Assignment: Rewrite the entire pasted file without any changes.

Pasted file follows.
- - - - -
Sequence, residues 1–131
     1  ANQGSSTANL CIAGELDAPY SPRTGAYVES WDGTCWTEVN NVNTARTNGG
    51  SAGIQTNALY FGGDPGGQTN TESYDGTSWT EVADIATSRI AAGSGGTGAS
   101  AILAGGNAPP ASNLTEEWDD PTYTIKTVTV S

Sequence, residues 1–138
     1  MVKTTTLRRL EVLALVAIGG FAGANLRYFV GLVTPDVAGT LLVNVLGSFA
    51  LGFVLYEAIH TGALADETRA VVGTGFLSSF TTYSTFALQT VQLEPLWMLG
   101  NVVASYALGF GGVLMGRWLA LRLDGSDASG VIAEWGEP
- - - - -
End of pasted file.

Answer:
Sequence, residues 1–131
     1  ANQGSSTANL CIAGELDAPY SPRTGAYVES WDGTCWTEVN NVNTARTNGG
    51  SAGIQTNALY FGGDPGGQTN TESYDGTSWT EVADIATSRI AAGSGGTGAS
   101  AILAGGNAPP ASNLTEEWDD PTYTIKTVTV S

Sequence, residues 1–138
     1  MVKTTTLRRL EVLALVAIGG FAGANLRYFV GLVTPDVAGT LLVNVLGSFA
    51  LGFVLYEAIH TGALADETRA VVGTGFLSSF TTYSTFALQT VQLEPLWMLG
   101  NVVASYALGF GGVLMGRWLA LRLDGSDASG VIAEWGEP